Acting director outlines future direction for CFPB
On February 4, CFPB acting Director Dave Uejio published a blog post conveying his “broad vision” for the Division of Research, Markets, and Regulations (RMR). Uejio emphasized that in order for the Bureau to respond to his previously stated policy priorities—(i) relief for consumers facing hardship and economic crisis due to the Covid-19 pandemic, and (ii) racial equity (covered by InfoBytes here)—the agency must sharpen its focus on the consumer experience. To achieve this goal, Uejio is authorizing the Bureau’s use of its 1022(c)(4) data collection authority and has asked RMR to examine “the impact of specific industry practices on consumers’ daily budget and overall bottom line in order to target effective policy interventions.” Among other things, RMR has been asked to take the following immediate steps:
- Prepare an analysis assessing housing insecurities such as mortgage foreclosures, mobile home repossessions, and landlord-tenant evictions.
- Prepare an analysis to address pressing consumer financial barriers to racial equity in order to “inform research and rulemaking priorities,” and “[e]xplicity include in policy proposals the racial equity impact of the policy intervention.”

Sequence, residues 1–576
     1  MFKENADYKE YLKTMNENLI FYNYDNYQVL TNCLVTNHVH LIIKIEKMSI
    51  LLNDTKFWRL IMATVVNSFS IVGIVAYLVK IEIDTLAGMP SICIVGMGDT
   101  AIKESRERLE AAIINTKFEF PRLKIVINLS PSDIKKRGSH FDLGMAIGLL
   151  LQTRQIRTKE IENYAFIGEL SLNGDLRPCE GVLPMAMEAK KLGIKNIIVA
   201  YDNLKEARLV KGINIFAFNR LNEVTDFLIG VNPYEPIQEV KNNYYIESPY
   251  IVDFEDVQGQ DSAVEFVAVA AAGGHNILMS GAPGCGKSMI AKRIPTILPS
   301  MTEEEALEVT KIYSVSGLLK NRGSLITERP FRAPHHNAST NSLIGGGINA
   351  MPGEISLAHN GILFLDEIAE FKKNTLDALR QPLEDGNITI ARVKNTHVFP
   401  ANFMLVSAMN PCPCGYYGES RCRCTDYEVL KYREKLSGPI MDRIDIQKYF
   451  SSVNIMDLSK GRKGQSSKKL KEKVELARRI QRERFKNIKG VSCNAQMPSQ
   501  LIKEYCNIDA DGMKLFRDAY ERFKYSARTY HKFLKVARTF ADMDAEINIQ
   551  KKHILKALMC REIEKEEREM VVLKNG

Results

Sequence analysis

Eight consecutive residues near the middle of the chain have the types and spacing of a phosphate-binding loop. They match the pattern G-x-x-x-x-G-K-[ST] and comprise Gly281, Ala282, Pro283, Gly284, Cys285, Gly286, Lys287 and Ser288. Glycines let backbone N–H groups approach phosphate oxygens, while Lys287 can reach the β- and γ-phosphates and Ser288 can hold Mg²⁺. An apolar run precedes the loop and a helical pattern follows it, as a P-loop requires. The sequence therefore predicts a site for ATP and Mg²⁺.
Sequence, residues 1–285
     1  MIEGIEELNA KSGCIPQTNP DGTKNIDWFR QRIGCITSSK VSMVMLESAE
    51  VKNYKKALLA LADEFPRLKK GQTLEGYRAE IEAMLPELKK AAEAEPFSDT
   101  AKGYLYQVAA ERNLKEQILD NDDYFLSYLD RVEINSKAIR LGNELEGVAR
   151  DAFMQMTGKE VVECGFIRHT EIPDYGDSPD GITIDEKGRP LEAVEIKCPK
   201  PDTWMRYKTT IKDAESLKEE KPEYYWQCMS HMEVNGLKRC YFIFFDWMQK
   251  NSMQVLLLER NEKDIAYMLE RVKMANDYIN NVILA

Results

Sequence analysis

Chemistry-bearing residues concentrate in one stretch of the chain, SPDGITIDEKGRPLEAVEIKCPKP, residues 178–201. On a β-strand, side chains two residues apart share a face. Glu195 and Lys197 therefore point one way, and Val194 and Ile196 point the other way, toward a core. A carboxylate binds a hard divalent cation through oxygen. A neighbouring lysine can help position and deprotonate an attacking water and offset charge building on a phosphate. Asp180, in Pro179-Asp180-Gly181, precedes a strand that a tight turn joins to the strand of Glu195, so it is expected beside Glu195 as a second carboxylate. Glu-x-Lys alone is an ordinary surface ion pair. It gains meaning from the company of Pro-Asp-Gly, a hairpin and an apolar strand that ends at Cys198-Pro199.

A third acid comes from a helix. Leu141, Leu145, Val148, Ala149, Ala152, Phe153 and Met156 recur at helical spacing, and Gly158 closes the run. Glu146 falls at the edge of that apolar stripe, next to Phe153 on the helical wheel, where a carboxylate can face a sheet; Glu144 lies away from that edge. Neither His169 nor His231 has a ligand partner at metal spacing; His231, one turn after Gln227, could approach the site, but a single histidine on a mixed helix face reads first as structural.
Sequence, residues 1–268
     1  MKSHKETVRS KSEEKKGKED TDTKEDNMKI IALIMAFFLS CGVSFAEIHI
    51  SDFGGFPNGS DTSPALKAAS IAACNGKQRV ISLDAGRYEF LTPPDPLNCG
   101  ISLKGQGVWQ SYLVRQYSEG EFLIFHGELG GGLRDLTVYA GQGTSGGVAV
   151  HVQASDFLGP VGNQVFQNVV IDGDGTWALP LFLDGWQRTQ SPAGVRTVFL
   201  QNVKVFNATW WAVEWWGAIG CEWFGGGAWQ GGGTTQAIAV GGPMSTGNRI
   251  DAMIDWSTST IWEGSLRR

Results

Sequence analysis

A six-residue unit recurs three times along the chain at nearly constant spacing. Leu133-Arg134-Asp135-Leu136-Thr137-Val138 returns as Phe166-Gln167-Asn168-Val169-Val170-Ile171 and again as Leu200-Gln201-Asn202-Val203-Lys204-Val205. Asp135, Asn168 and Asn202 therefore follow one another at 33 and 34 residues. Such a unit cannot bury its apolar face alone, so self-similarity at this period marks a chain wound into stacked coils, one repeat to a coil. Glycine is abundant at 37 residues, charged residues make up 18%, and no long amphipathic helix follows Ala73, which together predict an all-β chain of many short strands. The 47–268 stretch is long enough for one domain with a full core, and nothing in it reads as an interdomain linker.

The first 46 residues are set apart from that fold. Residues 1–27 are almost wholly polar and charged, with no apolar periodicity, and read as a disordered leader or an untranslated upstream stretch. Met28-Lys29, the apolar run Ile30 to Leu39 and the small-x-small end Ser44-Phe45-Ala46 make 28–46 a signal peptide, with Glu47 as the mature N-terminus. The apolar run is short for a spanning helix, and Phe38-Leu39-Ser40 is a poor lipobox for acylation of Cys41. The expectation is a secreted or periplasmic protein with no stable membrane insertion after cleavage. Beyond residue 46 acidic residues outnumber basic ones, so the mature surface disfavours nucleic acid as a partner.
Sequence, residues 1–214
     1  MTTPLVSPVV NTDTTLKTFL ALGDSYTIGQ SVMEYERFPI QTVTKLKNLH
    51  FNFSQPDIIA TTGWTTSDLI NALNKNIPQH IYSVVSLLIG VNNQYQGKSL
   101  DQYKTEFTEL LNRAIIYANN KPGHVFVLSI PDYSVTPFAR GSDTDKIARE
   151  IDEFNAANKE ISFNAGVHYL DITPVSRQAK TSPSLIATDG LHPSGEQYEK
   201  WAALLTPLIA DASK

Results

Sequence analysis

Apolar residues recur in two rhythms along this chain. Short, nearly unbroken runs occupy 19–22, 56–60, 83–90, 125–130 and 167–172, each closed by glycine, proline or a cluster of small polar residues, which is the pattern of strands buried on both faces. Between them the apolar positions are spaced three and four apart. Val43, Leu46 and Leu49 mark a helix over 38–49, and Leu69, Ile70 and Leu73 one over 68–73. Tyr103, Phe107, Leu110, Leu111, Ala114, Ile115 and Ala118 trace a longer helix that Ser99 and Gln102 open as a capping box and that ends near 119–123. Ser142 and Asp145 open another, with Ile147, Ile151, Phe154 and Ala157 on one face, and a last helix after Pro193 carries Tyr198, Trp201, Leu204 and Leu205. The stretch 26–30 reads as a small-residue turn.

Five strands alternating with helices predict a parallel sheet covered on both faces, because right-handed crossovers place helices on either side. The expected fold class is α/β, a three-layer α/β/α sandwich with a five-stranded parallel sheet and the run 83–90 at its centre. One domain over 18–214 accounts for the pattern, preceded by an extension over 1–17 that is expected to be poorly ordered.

- Resume data collections paused due to Covid-19, including HMDA quarterly reporting, CARD Act data collection, PACE data collection, and the previously completed 1071 data collection.
- Focus mortgage servicing rulemaking on Covid-19 responses “to avert, to the extent possible, a foreclosure crisis” when pandemic forbearances end in March and April.
- Explore options for preserving the status quo with respect to QM and debt collection rules. (QM rules covered by InfoBytes here and a Buckley Special Alert; debt collection rules covered by InfoBytes here and here.)
Uejio also noted that he “will be assessing regulatory actions taken by the previous leadership and adjusting as necessary and appropriate those not in line with [the Bureau's] consumer protection mission and mandate,” and that he wants to “preserve, where possible, maximum policy flexibility” for President Biden’s nominee once confirmed.